Tag Archives: facebook

Don’t all go away at once


According to statistics from Inside Facebook Gold analytics service … new Facebook users totaled 11.8 million people in May — an impressive number by any stretch of the imagination. But that compares to the 13.9 million who joined in April, and an average of about 20 million in the 12 months prior.

This drop is primarily due to a plunge in registered users in the US. The number of US Facebook users fell from 155.2 million to 149.4 million during the month of May alone. That’s nearly 6 million people who decided they no longer need to stay connected through the service, and is the first time Facebook has lost users in the last year.

Only 149.4 million more to go!

I’m not holding my breath. But I am holding out for the next wave: MyBrainSpaceBook. When someone even so much as thinks of me, I want it to be tagged and I wanna be notified via NeuralPoke technology.


If Facebook were a country it would be the third largest, behind only China and India. It started out as a lark, a diversion, but it has turned into something real, something that has changed the way human beings relate to one another on a species-wide scale. We are now running our social lives through a for-profit network that, on paper at least, has made Zuckerberg a billionaire six times over.

Dude, make that man Person of the Year.

Anyway, the phenomenon has me thinking of Killing Joke songs (of course), which are often filled with global apocalyptic paranoia that’s good for a thought and a laugh. This time I was struck by a funny thought: What if the unseen conspiratorial forces Jaz sings about turned out to be not the shadow government, not the oil barons or the bankers, but…the Facebook!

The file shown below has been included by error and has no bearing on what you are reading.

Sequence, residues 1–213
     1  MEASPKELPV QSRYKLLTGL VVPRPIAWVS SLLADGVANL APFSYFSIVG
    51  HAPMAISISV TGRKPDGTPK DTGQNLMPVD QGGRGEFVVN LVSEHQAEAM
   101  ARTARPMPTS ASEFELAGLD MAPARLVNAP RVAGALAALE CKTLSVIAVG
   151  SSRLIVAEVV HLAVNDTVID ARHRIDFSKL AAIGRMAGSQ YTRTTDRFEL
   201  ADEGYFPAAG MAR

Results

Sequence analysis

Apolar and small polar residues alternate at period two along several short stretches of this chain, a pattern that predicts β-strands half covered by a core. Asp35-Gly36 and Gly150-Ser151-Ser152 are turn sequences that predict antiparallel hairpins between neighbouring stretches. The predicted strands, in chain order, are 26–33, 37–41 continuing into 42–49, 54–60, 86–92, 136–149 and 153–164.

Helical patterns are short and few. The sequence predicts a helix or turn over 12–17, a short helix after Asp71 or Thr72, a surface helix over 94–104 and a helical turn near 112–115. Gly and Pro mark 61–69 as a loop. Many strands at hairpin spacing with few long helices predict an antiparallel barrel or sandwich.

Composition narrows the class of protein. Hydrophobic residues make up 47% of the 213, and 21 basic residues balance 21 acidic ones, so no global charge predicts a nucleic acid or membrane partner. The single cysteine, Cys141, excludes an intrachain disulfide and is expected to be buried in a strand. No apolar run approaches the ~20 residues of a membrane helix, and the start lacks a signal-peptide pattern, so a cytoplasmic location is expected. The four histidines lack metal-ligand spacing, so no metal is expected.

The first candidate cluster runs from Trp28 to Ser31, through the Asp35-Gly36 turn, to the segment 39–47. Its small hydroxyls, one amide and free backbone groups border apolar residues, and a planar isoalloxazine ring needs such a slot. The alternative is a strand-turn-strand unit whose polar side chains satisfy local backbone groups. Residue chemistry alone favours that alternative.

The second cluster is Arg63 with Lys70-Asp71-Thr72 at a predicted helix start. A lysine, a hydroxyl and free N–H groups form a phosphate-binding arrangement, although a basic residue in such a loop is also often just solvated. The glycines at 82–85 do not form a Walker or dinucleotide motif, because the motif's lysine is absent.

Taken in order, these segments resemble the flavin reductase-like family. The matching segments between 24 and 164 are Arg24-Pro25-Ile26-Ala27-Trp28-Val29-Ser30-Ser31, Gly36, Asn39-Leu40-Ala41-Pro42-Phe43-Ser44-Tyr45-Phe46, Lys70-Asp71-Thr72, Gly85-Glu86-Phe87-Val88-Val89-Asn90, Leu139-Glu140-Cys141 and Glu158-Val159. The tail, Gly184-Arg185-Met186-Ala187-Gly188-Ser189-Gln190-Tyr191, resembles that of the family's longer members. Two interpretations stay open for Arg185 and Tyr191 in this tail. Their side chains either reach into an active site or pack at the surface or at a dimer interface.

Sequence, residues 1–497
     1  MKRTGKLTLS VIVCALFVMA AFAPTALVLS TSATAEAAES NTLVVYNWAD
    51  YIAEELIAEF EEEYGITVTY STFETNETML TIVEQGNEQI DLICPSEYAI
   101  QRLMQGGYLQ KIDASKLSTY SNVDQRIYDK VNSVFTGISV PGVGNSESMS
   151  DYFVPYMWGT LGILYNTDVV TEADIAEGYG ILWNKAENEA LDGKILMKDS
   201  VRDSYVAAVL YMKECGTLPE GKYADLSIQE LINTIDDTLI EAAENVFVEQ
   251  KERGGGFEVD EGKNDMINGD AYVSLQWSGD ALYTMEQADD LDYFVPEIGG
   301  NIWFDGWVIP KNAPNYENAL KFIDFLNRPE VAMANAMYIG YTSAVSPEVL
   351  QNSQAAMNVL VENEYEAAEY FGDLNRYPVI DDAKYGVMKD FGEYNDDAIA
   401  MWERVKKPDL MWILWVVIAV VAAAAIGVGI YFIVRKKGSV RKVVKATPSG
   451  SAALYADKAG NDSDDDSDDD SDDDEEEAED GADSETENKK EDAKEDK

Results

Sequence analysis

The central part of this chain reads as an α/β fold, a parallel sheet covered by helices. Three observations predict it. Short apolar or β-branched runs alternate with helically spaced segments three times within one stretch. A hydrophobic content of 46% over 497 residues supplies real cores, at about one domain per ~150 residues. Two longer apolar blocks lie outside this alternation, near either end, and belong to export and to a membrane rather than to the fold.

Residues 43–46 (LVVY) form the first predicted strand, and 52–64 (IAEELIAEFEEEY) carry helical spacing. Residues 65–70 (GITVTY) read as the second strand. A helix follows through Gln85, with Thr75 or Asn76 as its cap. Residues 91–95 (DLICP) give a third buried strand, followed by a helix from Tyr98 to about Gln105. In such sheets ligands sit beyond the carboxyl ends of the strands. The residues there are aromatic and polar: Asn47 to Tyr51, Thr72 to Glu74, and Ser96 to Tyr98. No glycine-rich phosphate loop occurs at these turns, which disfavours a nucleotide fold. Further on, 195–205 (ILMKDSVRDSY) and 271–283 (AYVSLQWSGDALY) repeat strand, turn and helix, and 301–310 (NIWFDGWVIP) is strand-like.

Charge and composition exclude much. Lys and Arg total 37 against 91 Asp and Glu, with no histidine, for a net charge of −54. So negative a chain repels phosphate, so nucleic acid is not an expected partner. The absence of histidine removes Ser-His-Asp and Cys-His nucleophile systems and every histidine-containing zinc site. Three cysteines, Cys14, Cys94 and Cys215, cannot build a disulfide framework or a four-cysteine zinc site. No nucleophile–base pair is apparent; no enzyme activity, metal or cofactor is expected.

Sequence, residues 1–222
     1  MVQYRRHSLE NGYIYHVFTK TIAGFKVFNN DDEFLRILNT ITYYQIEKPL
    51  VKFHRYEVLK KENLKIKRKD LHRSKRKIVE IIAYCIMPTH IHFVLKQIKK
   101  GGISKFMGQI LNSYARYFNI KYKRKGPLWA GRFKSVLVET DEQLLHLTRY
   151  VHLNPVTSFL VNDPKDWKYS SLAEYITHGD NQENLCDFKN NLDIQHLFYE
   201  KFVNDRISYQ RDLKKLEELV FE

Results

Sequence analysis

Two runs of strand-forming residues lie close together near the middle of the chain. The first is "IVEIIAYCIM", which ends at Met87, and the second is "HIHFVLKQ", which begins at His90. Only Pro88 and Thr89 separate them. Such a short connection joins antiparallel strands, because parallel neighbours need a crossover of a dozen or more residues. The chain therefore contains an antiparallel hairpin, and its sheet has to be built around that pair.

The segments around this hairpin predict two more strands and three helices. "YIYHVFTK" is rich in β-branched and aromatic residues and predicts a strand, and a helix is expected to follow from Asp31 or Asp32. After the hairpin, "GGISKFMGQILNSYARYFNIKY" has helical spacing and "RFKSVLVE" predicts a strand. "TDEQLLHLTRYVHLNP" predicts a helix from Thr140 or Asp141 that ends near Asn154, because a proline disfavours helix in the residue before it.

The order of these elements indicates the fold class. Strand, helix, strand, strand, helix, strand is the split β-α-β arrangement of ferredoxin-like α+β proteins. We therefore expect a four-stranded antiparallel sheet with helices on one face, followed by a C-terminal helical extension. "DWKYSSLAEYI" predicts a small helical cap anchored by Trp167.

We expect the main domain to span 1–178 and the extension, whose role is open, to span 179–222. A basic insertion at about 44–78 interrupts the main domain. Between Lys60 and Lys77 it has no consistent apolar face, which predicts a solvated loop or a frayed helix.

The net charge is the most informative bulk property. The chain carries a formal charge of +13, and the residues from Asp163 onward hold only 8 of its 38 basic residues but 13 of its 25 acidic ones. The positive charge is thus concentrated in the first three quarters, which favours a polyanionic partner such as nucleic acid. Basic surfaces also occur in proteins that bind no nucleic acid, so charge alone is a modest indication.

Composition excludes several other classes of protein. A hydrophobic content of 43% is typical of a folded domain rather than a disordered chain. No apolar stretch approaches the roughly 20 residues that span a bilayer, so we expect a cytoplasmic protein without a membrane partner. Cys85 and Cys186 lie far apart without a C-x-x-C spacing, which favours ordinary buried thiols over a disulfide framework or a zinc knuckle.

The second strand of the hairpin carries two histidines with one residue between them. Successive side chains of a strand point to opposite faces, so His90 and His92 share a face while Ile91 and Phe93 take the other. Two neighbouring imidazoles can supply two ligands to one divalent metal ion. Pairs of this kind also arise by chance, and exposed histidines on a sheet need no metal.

World population mass has reached the critical
Humanity shall function as a single cell
Machines design and clone a different race of man
Who is the architect, who is the hidden hand?

~Here Comes the Singularity

The Facebook! Facebook’s the hidden hand!

While the shadow governments are busy spending billions on their military industrial complex to carry out 007-style plots, they will be blindsided by an awkward global army of Facebookers playing Farmville, having pillow fights, and destroying human spirit with repeated (and sponsored) pokes! Aaaaaaahhhhhhhhhhh…the true killing joke!

Oh, please make it stop

A kick-ass review of a film I don’t want to see about a network I don’t want to know describes the crux of the matter like this:

His opacity leads to an irony that’s not quite tragic but, in light of how many of us share it, still plenty sad. Zuckerberg and his employees spend enormous time and energy trying to make people connect to each other via their online social network, but they’ve got the situation backward.

The route to a happy life, let alone a meaningful one, doesn’t lie in escaping loneliness. As Wilder tried to tell his audience, it is an inescapable part of living in a country as big and free and unencumbered as this one. (See also the testimony of Hank Williams Sr., Billie Holiday, Edward Hopper, Bessie Smith.) The trick for us, and for the people around the world living as we do, lies in using our loneliness.

Wilder stated the challenge best and for all time when he described “the typical American battle of trying to convert a loneliness into an enriched and fruitful solitude.” Like the Berglunds—or another touchstone of contemporary culture, Don Draper—these characters can’t get along with each other because they haven’t learned to get along with, and don’t even really know, themselves.

I am foolish for thinking this, but I hope the making of a meta-movie about the founding of the meta-“friend” network signals that network’s peak as a cultural phenomenon, it’s final bright flash as an “It” topic before it follows the many MySpace’s that came before it by becoming just another medium — and not The Medium, über alles.